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Tag Archives: Minnesota

New West Daily Roundup for Oct. 24, 2016

One Big Sky Center

Today in New West news: an update on One Big Sky Center, University of Colorado prof to become State Department’s chief economist, and where Wyoming coal fits into the 2016 general election.

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New West Daily Roundup for Aug. 10, 2016

Today in New West news: Bozeman bookstore wins international festival scholarship, portable treehouses, and Colorado biofuels co. runs into delays building Minnesota facility.

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New West Daily Roundup for May 18, 2016

Today in New West news: criminal complaint filed against group of Yellowstone tourists, Boulder-based Justin’s bought by Hormel Foods Corp., and Xcel Energy files for $1B wind farm project.

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New West Daily Roundup for Jan. 15, 2016

Downtown Denver

Today in New West news: Chipotle to close all stores February 8 for E. coli meetings, tensions mount over expanding Yellowstone bison territory, and the Idaho Department of Fish and Game mistakenly collars wolves during an elk-collaring project.

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Why Isn’t McCain Visiting Indian Country?

Al Franken, the comedian cum Minnesota politician, visited the Leech Lake Band of Ojibwe, Red Lake Band of Chippewa and the White Earth Band of Ojibwe on Sunday, October 19. But why isn't Norm Coleman visiting Indian Country?. And for that matter, John McCain?

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With Wolves, Wyoming Keeps Shooting Self In Foot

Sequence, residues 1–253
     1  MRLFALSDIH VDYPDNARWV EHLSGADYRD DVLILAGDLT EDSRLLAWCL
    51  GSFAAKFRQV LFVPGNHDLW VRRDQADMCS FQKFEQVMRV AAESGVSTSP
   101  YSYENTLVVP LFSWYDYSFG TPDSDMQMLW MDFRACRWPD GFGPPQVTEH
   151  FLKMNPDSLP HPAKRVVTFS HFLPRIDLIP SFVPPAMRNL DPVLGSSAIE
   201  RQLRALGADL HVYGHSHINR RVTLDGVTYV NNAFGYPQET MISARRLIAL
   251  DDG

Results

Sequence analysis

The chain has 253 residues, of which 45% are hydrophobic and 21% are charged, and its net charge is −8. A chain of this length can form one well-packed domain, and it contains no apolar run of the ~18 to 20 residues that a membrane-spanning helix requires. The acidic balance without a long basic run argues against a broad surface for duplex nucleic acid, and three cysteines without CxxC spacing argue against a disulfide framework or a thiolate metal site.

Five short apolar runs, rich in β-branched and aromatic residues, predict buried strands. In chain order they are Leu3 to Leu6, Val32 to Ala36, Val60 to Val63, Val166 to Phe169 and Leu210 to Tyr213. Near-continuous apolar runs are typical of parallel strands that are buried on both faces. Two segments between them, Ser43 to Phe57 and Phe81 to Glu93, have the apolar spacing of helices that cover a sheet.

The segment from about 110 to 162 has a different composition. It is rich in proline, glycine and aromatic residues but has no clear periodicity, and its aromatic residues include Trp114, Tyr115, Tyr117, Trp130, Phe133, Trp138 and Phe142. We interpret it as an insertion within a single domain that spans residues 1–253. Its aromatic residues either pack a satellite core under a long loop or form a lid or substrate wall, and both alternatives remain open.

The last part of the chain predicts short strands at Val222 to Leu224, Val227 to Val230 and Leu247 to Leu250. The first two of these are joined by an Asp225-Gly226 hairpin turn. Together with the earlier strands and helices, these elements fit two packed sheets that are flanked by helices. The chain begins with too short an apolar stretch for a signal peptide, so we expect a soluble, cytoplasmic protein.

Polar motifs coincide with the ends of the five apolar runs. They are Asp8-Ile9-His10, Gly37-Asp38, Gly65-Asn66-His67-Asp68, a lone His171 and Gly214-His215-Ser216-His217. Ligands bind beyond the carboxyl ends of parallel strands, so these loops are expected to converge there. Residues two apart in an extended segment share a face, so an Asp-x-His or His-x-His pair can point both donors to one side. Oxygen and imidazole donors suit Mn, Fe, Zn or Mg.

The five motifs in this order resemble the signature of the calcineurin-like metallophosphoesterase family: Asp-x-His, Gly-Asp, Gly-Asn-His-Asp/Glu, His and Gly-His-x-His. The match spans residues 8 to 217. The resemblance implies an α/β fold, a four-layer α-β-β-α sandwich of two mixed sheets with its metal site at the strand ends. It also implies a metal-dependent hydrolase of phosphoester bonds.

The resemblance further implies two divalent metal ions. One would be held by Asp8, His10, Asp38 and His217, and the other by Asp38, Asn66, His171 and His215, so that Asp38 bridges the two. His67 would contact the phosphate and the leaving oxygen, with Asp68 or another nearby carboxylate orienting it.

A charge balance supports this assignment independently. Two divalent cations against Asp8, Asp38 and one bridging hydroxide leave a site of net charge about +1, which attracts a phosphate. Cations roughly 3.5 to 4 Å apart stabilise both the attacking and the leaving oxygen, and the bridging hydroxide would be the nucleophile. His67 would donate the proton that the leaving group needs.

It was during the latter half of the 1980s in a conference room at Snow King Resort in Jackson Hole, Wyoming. The topic was restoring gray wolves to the greater Yellowstone ecosystem and to a wider swath of the intermountain West. Ronald Reagan was in the White House and William Penn Mott,Jr., Reagan's director of the National Park Service, made a trip to Wyoming to talk about why wolves deserved a second chance. Privately, behind the scenes, Western senators and members of Congress made calls to the president's staff, demanding that Reagan fire the small old man with snow-white hair for speaking what they claimed was cultural blasphemy. Reagan refused to capitulate to those who wanted Mott muzzled or ushered down the road into a nursing home. What I remember most about interviewing the gentle, soft-spoken Mott was that under one arm he carried the U.S. Fish and Wildlife Service's wolf recovery plan—making the scientific case for wolf conservation— and with an index finger extended on his other hand, he politely instructed: "Young man, you shouldn't listen to the kooks." Today, in the statehouses of Wyoming, Idaho and Montana, there's plenty of kookie, hate-filled rhetoric going on that has little to do with scientific fact. And again, the spirit of William Penn Mott's instructions loom large.

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